Lighting for Amateurs: LED's Lead the Way

Ayrora Temple
Among the hardest things about being in front of the camera is trying to deal with the distracting glare of the bright lights typically needed to get a good video image while pretending to be comfortable performing under the immense heat the lights give off.

Fortunately, there is a not-so-new technology that is gaining increasing acceptance in the field of video lighting that can dramatically improve both the model's comfort level and the videographer's ease of production: LED's.

These aren't your father's light-emitting diodes that wowed previous generations with their ability to display the time with space-age funkiness — these are a new generation of high-output, low-power consumption, relatively inexpensive, bright-white LED's — and arrays of them in bars, panels and ring lights are appearing on production sets in both the adult and mainstream worlds with increasing regularity.

I first saw on-camera LED lighting in action at the recent taping of an episode of's "Ultimate Surrender" nude wrestling series. I was impressed with the light bar's size and "widescreen" format that was sure to provide full-screen coverage of the camera's hi-def field of view. I was sitting in the front row at this event and when the cameraman swooped past to grab an "audience shot" just a few feet away from me, I was amazed that I felt no heat whatsoever coming from what was a very bright — but not uncomfortable — light source.

I was hooked. The problem is, these lights can be damn expensive, costing more than some of the cameras that I wanted to use them on, which is not an ideal situation for a budget-minded producer looking for an inexpensive but high-quality, on-camera LED lighting solution. I wasn't looking to light an audience; but to provide an eye-light on my model (especially when she is me) while lightening and softening any facial shadows — all from just a few feet away.

Enter the Litepanels Micro — an entry-level addition to Litepanels' professional LED lighting line designed to be "the perfect lighting tool for today's small DV camcorders."

According to the company's website, "The Micro daylight harnesses the company's proprietary LED technology in an ultra-lightweight, extremely compact package. Users will enjoy luminous, soft, directional lighting, with the same warmth and great color characteristics that made Litepanels an integral part of television, broadcast news [and] motion picture productions worldwide."

Among the advantages of the Litepanels Micro is its extremely lightweight and compact design, providing an all-in-one camera light without requiring any external cables to be connected to it. This form factor makes for easy mounting, using the included cold-shoe mount, on even the smallest of handheld cameras.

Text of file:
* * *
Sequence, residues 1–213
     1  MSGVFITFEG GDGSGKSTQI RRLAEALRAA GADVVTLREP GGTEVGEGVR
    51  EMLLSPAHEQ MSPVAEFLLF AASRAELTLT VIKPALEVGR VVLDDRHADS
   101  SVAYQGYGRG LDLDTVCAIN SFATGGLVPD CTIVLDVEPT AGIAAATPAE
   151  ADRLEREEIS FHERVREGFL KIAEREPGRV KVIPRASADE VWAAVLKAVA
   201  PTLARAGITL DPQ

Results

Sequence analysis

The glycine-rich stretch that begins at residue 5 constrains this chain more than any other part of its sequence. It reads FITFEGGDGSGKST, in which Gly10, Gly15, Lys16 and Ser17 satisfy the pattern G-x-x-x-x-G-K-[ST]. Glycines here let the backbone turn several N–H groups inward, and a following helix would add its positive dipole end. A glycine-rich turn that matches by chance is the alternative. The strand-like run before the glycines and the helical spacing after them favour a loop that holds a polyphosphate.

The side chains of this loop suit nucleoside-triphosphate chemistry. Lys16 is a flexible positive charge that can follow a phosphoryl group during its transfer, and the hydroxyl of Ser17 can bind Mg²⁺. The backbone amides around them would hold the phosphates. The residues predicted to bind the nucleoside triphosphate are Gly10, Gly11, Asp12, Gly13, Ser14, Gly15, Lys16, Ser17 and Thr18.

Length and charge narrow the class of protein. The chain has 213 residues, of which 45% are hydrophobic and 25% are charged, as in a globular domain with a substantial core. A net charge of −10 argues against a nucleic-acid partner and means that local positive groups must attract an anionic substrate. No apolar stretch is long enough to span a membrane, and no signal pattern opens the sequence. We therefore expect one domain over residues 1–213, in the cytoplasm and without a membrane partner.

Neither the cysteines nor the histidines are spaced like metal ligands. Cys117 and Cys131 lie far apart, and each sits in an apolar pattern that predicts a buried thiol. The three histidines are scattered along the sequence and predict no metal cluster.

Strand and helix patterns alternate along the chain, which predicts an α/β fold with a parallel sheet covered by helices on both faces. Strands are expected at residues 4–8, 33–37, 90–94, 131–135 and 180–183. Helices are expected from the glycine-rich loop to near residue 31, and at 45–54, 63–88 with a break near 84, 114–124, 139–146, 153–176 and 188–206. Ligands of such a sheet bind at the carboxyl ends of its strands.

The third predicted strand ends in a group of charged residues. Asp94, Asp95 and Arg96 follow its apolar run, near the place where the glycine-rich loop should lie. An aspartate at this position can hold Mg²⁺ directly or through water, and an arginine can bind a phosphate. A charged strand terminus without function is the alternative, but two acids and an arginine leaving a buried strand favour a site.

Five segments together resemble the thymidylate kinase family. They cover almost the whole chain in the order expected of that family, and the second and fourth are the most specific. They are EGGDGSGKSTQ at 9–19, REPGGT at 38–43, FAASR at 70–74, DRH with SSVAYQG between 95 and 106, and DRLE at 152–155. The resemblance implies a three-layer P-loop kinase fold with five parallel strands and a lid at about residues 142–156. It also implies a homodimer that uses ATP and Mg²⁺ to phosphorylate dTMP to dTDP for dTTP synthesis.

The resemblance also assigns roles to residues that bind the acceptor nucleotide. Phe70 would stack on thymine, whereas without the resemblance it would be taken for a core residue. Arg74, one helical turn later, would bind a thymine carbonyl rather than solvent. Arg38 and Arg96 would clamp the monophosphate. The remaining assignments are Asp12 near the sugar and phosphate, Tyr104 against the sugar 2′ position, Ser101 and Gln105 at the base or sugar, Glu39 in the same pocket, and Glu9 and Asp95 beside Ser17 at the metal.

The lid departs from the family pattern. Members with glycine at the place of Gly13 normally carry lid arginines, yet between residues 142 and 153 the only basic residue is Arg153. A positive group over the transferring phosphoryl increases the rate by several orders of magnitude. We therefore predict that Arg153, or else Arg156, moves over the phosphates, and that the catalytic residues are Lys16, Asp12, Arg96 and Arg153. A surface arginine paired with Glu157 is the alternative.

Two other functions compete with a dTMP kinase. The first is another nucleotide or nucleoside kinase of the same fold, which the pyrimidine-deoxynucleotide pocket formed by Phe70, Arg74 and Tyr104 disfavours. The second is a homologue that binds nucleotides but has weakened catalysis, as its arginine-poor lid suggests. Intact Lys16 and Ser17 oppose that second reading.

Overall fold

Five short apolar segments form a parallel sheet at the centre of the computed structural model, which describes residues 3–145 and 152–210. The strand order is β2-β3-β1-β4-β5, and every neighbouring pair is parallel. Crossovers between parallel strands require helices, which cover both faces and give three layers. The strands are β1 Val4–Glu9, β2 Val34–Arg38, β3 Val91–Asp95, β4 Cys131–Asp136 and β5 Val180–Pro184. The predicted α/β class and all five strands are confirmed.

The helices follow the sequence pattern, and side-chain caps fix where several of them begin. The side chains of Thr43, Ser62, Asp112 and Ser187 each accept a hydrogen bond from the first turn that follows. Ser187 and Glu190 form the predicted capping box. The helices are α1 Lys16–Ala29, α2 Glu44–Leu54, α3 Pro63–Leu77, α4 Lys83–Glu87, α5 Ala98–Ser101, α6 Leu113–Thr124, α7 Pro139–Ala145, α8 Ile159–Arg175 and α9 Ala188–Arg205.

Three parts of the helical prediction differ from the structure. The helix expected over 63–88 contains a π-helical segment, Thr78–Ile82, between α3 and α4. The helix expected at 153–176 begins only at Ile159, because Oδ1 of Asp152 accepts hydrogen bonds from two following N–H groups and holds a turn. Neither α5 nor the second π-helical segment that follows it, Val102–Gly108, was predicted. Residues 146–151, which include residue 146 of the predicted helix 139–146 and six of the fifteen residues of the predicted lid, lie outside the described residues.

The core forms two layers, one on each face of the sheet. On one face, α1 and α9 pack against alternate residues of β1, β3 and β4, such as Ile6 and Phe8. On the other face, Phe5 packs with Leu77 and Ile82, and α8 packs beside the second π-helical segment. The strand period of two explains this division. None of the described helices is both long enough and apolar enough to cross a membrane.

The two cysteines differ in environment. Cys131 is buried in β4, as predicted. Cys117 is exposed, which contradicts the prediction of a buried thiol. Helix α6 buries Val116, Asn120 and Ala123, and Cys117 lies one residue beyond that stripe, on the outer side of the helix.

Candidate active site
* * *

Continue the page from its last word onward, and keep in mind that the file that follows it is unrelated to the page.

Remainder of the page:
Although some users might find the lightweight plastic case and integral mounting point to be a bit flimsy in comparison to the metal construction of its heavier cousins, this light should hold up well under reasonably careful use.

While I really appreciate this unit's heat-free LED technology and flicker-free light output that provides bright, "HD friendly" soft light, one of my favorite features is its rotary dimmer switch that throttles output from zero-to-100 percent with little perceptible shift in color temperature.

For a videographer-on-the-go, however, my favorite feature of the Litepanels Micro is the fact that it is powered by standard AA batteries — which are conveniently available just about anywhere, any time — a far better solution for many users than proprietary or camera-specific batteries, or weighty gel-packs and their associated tangle of cables.

But don't let the AA power make you think that this unit is low on performance: Using standard or rechargeable batteries it will run at full power for more than an hour on four alkaline batteries; or up to eight hours on E2 Lithium batteries! A 5-12V input jack on the back of the unit allows for optional power sources if desired.

Rounding out my favorite features is the flip-down filter holder, which comes with both a diffusion gel and 3200ºK tungsten conversion filter — although you may want to use a bit of gaffer's tape to make sure the filter stays in place.

In addition to its on-camera capabilities, the Litepanels Micro may also be mounted on an optional base plate or articulated extension arm for off-camera usage.

But the best part about the Litepanels Micro is that it streets for less than $300 — making this little lighting powerhouse a very affordable and worthwhile addition to any shooter's video production kit. Try it for yourself: your models will thank you and your videos will look much better.


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